Thursday, 17 November 2016

The Art of Birdwatching

Now, this is not something you are born with, but is something to be gained through sheer guts and determination. For only the truly strong will survive into professionalism.

But all jokes aside, birdwatching most definately isn't for everyone, and takes a good deal of practice, but often with unmistakable benefits. I remember the first time I sat in a bird hide, cold, confused and simply impatient. And of course I wasn't going to see anything, mostly because I simply didn't want it enough, and because nature takes time. It's really as simple as that!

My top 3 tips for birdwatching:
1. Wrap up warm (Obviously) Often times I have been sat on a cold morning much longer than I initially anticipated too, after all, some days can just be really good like that!
2. Invest in a decent thermos flask! Much related to the previous point, it really is important to make yourself comfortable whilst you're waiting about.
3. And while you're waiting, get used to the scenery. In my case I spend this time setting up my camera settings, trying out settings in order to get the best shot when the opportunity arises. There really is nothing worse than not being camera ready when a beautiful bird finally decides to grace you with it's presence.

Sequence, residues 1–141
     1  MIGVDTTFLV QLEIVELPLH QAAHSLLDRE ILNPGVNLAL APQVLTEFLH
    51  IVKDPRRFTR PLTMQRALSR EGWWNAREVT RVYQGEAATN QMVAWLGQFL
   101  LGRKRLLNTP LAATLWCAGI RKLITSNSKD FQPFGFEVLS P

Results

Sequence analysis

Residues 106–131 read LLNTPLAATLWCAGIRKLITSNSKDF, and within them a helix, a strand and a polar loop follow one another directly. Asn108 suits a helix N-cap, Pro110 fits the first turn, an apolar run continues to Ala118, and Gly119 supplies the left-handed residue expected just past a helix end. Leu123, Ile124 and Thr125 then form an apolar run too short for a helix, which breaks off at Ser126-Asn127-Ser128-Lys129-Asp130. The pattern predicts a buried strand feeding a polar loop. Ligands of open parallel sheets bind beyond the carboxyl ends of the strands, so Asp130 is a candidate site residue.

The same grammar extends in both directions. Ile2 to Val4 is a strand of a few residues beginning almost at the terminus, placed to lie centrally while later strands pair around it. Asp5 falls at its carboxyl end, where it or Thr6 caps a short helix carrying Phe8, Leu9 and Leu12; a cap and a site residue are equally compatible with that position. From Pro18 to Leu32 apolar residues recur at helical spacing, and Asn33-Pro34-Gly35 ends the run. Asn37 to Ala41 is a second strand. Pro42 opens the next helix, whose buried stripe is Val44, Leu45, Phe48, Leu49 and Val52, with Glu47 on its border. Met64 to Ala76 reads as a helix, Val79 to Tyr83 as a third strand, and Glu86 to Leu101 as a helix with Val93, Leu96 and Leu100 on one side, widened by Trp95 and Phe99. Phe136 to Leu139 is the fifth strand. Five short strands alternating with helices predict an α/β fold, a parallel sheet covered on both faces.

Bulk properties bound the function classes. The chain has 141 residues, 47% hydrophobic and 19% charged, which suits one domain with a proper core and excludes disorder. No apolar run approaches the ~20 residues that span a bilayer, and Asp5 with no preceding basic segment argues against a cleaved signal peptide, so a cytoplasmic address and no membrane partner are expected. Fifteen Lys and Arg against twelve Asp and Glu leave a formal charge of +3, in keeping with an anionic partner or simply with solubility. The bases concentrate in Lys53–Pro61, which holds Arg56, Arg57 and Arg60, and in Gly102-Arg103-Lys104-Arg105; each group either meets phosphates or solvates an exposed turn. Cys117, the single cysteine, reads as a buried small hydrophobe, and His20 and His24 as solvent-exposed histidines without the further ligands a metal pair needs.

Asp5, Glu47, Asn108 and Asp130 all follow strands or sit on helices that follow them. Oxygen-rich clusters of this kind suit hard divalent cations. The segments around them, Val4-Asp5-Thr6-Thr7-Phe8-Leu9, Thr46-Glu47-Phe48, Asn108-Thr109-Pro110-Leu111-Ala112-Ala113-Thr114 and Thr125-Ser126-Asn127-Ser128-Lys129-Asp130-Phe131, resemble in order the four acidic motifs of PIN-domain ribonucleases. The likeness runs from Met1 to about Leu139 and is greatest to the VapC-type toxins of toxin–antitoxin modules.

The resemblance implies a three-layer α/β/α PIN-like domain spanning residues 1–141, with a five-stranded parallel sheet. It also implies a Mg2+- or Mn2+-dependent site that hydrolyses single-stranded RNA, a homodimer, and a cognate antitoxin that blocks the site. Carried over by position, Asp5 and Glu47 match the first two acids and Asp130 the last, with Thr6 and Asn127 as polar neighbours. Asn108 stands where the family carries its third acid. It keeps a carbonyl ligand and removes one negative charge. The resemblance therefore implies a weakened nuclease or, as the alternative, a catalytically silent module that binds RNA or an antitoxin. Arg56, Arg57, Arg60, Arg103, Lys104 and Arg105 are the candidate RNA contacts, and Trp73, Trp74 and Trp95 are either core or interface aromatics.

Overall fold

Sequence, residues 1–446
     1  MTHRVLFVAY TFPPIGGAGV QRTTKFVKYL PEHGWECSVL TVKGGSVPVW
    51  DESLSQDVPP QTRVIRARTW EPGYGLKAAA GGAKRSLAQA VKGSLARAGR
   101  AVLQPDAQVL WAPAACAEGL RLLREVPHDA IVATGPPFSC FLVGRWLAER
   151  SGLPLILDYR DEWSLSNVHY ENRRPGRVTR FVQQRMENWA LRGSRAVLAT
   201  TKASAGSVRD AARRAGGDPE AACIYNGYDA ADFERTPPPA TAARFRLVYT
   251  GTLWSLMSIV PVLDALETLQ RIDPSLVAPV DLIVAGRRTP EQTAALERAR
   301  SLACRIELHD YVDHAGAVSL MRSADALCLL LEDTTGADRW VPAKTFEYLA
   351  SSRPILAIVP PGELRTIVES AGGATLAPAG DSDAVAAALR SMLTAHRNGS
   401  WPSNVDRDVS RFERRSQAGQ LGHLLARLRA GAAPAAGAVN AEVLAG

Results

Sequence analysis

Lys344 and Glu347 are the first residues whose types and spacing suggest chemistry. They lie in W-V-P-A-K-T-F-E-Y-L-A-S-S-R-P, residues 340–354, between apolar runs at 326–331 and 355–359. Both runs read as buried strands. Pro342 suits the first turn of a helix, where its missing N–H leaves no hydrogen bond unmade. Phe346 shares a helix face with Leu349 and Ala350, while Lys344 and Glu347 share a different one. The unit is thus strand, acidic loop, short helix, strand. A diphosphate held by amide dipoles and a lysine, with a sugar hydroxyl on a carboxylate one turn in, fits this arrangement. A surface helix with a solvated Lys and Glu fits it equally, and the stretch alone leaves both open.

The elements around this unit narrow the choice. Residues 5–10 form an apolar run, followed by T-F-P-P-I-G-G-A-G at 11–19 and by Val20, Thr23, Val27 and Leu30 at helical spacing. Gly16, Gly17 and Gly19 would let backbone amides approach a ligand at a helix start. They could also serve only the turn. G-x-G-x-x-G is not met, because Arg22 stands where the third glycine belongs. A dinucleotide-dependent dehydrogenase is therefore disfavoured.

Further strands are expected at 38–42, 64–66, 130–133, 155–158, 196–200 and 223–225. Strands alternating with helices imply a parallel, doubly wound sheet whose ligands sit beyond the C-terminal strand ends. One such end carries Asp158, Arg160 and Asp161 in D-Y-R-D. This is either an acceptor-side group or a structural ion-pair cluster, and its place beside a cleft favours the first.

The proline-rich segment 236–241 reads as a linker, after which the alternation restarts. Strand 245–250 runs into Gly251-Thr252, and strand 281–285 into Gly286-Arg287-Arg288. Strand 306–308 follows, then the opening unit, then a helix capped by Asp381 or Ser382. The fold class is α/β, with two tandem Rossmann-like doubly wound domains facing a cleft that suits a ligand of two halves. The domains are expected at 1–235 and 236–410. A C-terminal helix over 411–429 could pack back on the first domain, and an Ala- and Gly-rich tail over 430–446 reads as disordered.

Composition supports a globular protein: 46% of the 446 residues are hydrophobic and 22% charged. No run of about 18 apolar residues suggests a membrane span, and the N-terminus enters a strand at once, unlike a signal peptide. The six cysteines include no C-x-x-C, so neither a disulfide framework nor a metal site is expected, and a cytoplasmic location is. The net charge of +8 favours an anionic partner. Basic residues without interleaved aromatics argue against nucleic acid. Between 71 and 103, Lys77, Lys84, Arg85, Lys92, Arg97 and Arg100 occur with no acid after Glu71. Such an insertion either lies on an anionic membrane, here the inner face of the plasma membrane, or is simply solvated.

Now, about a fortnight ago (can you tell I've been super busy with first university assignments) I had the opportunity to go back to the Severn Valley Country Park, so sat in the bird hide for almost 2 hours in the morning. At first there was nothing, but the key here is to be stubborn and wait it out a bit longer. And I am yet to be disappointed. Like buses, many came at once. Groups of Great Tits, Blue Tits, a pair of Pheasants, A shy Heron and an inquisitive Robin. And perhaps, if my ID is correct a little Dunnock. (which is a first for me I believe)
I would ID this little fellow as a Dunnock, any other suggestions? 

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